BELTON, DON MSS.
The Belton, Don mss., ca. 1960-2009, consist of the papers of Indiana University Assistant Professor Don Belton (1956-2009), who taught in the Creative Writing Program in the English Department from July 2008-December 2009. Professor Belton was born on August 7, 1956 to Charles and Dora Belton in Philadelphia, PA. Educated in the Philadelphia school system, his talent, gifts and potential won him a scholarship to William Penn Charter School. Belton earned a B.A. from Bennington College in 1981 and an M.A. in Creative Writing from Hollins College in 1982.
Professor Belton's publications include the highly-regarded novel Almost Midnight (1986). He was also the editor of the anthology Speak My Name: Black Men on Masculinity and the American Dream (1996), considered a groundbreaking contribution to representations of black male experience. He published widely in in literary reviews, literature anthologies, cultural journals, popular magazines and newspapers, including The Philadelphia Inquirer, Black Film Review, Artpaper, Transition, The Utne Reader, and The Indiana Review. Prior to coming to IU Bloomington, Belton taught at Shippensburg University, the University of Michigan, Macalester College, and the University of Pennsylvania. In addition, he had been a fellow at the Bread Loaf Writers Conference at Middlebury College, Macdowell and Yadoo artists' colonies, the Rockefeller Center in Italy, and the Center for Media Studies at Brown University.
The collection is organized into the following series: I. Journals; II. Notebooks; III. Writings; IV. Correspondence; V. Professional; VI. Courses; VII. Research; VIII. Miscellaneous; IX. Photographs; X. Artwork; XI. Audio-Visual; XII. Postcards; XIII. Memorabilia; XIV. Additions.
Journals consist of hardbound diaries featuring regular handwritten entries by Don Belton covering the years 1984-2009. Notebooks consist of spiral pads, with handwritten entries also by Belton, covering the years 1967-2008. The journals contain mainly personal reflections whereas the notebooks tend to feature ideas for writing and teaching, although there is occasional overlap between these topics.
Writings include drafts, proofs, and print materials for the works of Don Belton and other authors. Correspondence includes letters from: Chinua Achebe; Henry Louis Gates, Jr.; William Kennedy; Jonathan Lethem; Terry McMillan; Jane Meara; Theoharis C. Theoharis; Paule Turner. Professional files include Belton's contract and agreements, conference and workshop materials, and materials for promotion and tenure. Course materials include class notes and exercises, student papers, projects, and assignments, course descriptions, and syllabi for classes taught by Belton.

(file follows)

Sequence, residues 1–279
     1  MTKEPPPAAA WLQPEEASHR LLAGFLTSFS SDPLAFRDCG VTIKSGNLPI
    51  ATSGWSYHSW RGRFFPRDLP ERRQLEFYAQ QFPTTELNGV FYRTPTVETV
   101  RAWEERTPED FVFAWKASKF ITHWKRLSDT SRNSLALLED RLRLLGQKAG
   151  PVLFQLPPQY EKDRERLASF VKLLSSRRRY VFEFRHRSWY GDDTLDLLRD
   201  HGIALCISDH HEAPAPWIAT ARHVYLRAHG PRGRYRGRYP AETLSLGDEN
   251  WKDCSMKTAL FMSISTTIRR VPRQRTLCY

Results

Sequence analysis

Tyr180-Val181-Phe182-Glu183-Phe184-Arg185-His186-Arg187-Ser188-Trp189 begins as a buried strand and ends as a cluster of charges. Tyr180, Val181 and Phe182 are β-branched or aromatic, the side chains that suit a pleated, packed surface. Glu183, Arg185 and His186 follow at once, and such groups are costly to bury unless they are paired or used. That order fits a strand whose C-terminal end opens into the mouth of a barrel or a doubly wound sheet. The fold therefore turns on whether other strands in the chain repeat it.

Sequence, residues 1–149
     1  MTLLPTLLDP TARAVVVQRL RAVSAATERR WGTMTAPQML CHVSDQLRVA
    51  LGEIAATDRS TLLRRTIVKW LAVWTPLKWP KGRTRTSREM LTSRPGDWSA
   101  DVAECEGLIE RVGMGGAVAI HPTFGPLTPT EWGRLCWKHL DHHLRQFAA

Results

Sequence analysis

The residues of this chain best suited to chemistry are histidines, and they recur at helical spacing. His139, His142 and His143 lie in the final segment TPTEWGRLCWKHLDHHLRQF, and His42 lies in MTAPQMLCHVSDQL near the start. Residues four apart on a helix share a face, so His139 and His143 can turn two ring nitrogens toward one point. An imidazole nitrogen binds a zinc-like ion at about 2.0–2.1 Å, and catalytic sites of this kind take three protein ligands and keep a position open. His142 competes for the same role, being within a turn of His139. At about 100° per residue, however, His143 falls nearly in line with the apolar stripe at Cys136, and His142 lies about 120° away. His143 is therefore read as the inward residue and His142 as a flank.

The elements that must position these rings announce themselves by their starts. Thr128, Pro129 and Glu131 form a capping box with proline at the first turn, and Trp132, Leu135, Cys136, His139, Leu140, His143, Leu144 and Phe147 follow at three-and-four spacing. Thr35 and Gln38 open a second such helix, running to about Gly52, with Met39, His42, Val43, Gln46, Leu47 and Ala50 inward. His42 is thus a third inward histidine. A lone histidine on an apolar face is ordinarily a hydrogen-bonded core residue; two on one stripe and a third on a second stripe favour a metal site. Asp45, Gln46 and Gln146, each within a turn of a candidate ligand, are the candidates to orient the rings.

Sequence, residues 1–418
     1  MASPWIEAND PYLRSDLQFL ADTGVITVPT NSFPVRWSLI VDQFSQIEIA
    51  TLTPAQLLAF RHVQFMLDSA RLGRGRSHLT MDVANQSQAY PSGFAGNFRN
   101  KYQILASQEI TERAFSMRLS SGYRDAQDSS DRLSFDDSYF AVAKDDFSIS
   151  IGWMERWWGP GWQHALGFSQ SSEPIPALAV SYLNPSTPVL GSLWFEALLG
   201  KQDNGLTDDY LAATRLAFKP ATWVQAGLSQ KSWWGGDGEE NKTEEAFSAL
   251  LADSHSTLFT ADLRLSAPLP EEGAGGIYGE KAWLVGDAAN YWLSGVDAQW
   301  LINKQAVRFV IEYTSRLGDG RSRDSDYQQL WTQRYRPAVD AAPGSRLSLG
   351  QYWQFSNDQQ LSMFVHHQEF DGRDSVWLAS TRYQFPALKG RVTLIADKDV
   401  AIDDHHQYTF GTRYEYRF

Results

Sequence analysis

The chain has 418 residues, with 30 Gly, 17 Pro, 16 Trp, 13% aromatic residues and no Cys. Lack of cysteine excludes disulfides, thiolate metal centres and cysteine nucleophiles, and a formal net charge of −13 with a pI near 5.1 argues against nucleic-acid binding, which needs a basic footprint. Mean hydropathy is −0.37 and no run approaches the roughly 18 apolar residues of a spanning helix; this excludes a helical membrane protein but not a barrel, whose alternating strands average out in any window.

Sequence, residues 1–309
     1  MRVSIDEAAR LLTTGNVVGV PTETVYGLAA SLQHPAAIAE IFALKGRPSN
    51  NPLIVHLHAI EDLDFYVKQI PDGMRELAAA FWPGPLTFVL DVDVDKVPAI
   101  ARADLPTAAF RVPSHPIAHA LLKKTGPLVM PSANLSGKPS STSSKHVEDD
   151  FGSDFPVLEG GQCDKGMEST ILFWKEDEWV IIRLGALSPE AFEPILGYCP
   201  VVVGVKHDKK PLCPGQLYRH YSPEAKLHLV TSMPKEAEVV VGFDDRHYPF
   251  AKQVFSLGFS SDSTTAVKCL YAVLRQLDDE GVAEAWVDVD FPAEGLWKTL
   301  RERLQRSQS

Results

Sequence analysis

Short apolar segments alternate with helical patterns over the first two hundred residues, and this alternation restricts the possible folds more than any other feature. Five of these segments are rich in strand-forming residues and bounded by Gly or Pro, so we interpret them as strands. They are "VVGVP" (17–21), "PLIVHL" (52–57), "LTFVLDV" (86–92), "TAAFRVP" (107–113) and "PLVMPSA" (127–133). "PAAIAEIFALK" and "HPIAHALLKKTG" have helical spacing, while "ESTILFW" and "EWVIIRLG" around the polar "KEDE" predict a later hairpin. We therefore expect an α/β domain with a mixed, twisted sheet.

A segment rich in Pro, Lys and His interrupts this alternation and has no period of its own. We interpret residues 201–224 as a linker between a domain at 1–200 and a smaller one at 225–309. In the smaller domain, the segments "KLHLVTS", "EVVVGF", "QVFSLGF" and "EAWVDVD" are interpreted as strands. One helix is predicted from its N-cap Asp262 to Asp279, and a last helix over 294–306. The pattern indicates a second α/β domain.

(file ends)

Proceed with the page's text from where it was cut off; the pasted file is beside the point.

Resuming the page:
Research files are comprised of articles and other writings collected by Don Belton pertaining to his wide-ranging personal and professional interests, including African-American culture, black masculinity, GLBT studies, blues, jazz, pop and hip-hop music, cinema, Toni Morrison, Diana Ross, and James Baldwin. Miscellaneous files include Belton's elementary school grades, financial records, newspaper clippings, magazines, ephemera, and assorted personal notes. Photographs include images of Don Belton, James Baldwin, and several of Belton's personal photo albums. Artwork includes Belton's loose-leaf sketches and sketchbooks. Audiovisual includes audiocassettes and videocassettes, some featuring readings and interviews conducted by Belton, others containing copyrighted material.
The Postcards series consists of a voluminous assortment of picture postcards collected by Don Belton over the years, and arranged by Belton according to "People, Places and Favorite Things," "Writers, Other Creative Artists and Athletes," "Music Artists," and "Vintage Places and Holidays." Memorabilia includes a string-less violin, an alligator head (preserved by taxidermy) filled with index cards featuring literary terms and used presumably for classroom exercises, and a bulletin board with assorted paraphernalia collected by Don Belton.
An inventory is available.
Collection size: 25,000 items